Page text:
Title: Tapesh, The Golden Reserve of Magmatic Thought
Commissioner and Curator: Majid Mollanoruzi
Location: Iran Pavilion in the Biennale Arte 2017, Venice [Italy]
Date: 13 May – 26 November 2017


BIENNALE ARTE 2017, VENICE - Iran Pavilion

«Tapesh is the heartbeat when emotion prevails over reason and generates a vision.» (Bizhan Bassiri)

In 2017, Bizhan Bassiri was invited by Majid Mollanoroozy, Commissioner and Curator of the Iranian Pavilion, to represent Iran at the 57th International Art Exhibition – La Biennale di Venezia, crossroads of the world for the arts of the last hundred years. The pavilion is housed in Palazzo Donà, in the heart of Venice.
Conceived as a vast polyphonic composition, but also as an emblematic collection of works created over the years, the exhibition Tapesh: The Golden Reserve of Magmatic Thought, presented at the Biennale, symbolizes in a single concept the outcome of an artistic action with diverse forms. The exhibition was preceded by several events, imagined as one continuous journey, which, in the space of eight months, led Bassiri to Venice.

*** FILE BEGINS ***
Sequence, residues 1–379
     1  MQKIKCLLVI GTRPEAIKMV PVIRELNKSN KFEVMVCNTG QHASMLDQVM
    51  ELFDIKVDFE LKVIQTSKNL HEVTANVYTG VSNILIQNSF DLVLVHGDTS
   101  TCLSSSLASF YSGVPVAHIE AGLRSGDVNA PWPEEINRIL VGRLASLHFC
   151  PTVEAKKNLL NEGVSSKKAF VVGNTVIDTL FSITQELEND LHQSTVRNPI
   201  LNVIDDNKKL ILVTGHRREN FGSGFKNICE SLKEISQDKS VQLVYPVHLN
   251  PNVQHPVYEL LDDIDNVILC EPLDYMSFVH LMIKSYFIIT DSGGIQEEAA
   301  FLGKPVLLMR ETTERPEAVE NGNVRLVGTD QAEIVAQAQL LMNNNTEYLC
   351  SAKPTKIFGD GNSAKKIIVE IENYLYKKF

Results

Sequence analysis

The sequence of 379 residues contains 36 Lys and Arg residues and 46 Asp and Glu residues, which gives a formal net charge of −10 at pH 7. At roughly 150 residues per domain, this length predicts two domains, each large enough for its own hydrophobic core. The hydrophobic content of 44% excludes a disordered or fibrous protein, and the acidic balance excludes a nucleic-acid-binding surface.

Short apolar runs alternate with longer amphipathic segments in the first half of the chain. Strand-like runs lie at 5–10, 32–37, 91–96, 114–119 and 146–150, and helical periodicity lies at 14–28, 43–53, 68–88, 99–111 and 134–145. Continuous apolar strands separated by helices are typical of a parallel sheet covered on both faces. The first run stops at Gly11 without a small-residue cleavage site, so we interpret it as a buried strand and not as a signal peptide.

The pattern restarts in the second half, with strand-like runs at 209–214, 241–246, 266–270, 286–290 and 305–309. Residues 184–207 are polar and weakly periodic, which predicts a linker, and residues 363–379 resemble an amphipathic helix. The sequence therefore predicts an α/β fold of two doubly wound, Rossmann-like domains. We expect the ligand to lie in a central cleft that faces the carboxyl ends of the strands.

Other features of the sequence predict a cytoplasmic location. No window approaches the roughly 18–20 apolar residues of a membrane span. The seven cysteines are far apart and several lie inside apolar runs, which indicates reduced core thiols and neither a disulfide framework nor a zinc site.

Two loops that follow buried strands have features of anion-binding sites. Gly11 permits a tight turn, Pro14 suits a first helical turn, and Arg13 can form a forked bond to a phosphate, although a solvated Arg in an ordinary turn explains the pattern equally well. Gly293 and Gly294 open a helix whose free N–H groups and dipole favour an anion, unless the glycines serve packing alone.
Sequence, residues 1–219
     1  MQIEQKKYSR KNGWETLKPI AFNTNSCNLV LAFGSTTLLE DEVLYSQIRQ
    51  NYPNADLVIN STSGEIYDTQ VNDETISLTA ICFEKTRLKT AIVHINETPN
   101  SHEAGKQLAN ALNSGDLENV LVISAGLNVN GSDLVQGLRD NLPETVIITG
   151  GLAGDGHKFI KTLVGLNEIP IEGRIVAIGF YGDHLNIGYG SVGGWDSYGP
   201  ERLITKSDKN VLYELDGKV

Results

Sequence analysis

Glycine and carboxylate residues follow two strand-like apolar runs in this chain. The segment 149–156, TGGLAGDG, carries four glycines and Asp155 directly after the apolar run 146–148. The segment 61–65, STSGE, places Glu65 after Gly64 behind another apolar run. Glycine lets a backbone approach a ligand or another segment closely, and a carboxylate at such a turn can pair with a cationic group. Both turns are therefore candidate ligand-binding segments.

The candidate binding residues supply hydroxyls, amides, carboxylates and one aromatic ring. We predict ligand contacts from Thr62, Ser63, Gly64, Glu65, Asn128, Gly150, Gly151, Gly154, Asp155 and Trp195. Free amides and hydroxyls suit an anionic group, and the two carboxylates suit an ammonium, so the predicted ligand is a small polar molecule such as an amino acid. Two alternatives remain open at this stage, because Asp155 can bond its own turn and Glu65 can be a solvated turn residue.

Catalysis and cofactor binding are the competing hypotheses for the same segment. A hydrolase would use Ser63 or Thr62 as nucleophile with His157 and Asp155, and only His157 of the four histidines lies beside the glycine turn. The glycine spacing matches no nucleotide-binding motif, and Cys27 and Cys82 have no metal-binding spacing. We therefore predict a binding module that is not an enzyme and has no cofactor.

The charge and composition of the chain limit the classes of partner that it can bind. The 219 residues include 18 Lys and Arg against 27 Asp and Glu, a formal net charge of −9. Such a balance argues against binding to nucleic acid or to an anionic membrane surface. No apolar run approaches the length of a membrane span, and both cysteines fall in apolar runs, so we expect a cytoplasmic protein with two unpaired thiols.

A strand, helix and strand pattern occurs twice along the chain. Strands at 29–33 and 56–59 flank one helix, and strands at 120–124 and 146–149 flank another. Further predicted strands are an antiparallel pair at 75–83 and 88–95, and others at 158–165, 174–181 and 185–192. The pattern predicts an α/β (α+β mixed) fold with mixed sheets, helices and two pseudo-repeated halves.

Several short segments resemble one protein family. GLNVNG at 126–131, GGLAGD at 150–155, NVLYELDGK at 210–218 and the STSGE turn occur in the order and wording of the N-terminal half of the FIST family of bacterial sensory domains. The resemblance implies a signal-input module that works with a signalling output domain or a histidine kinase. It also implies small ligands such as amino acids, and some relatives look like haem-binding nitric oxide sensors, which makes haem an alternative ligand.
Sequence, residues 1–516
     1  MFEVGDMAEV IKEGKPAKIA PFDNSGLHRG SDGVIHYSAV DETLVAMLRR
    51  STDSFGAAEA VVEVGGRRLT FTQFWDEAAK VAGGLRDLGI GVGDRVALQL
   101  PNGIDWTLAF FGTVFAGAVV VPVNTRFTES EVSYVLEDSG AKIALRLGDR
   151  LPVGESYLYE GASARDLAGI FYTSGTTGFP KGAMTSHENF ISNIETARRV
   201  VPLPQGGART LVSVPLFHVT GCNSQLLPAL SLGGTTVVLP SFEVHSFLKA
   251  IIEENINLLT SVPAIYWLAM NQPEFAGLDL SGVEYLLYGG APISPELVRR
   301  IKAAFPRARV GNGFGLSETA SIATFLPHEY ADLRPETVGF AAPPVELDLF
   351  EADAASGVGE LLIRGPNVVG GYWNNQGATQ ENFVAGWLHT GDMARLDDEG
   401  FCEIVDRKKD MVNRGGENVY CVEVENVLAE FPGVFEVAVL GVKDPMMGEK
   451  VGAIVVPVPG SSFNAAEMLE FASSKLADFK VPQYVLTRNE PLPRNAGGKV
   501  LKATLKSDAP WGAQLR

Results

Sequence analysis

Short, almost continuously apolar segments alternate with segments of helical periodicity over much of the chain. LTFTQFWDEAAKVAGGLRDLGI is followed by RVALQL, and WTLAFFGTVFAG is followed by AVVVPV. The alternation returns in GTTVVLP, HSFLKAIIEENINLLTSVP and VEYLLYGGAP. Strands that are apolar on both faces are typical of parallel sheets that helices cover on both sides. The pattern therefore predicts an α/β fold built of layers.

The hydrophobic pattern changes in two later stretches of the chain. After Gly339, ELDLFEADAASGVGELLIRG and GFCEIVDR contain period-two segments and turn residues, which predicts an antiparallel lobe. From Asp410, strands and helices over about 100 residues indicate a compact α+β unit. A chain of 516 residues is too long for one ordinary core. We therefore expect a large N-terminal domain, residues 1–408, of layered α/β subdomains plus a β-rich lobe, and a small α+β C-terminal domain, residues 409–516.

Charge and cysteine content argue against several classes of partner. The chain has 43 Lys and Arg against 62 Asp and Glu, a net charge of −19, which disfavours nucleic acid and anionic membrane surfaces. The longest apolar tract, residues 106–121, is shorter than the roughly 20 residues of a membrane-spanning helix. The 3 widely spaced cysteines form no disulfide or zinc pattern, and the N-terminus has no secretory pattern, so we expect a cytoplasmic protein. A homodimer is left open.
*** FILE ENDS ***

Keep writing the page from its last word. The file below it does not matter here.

The term “tapesh” of the title alludes to a heartbeat. In Venice, Bassiri installed a long platform with a “procession” of black herms, alternating with gilded “poles”. The entrenched herms and the radiant poles are mediated by pools of liquid mercury, whose red becomes magnetic through a process of “vulcanization”.
In combining his own work as a contemporary artist with that of artists of many other eras, whether belonging to the great Iranian, Asian or European tradition, Bassiri successfully merged ancient and classical mythologies with the problems of contemporary expression. He has also conceived and realized unique plastic inventions, giving them an aesthetic dimension through shapes that, while often simple, are imbued with strong poetic power.
Among these are Dadi della Sorte (The Dice of Fate) (1990-2015), which have a specific meaning, given the artist’s choice to mark each face with the number “6”. The dice, therefore, despite their inherently playful origin, become an image of challenging chance. In fact, Bassiri intends this work to demonstrate that the artist must roll the highest score and win the game with his own destiny.